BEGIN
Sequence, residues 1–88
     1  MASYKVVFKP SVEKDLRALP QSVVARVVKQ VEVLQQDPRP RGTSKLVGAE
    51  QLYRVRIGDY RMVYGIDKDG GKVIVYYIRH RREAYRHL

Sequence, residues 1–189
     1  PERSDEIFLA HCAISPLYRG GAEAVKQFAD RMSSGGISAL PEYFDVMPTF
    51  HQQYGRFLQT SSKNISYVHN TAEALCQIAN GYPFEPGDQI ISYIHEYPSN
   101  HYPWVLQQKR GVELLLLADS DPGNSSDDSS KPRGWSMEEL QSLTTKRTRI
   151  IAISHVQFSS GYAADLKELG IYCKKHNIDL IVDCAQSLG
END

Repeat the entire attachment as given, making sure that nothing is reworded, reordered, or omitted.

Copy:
Sequence, residues 1–88
     1  MASYKVVFKP SVEKDLRALP QSVVARVVKQ VEVLQQDPRP RGTSKLVGAE
    51  QLYRVRIGDY RMVYGIDKDG GKVIVYYIRH RREAYRHL

Sequence, residues 1–189
     1  PERSDEIFLA HCAISPLYRG GAEAVKQFAD RMSSGGISAL PEYFDVMPTF
    51  HQQYGRFLQT SSKNISYVHN TAEALCQIAN GYPFEPGDQI ISYIHEYPSN
   101  HYPWVLQQKR GVELLLLADS DPGNSSDDSS KPRGWSMEEL QSLTTKRTRI
   151  IAISHVQFSS GYAADLKELG IYCKKHNIDL IVDCAQSLG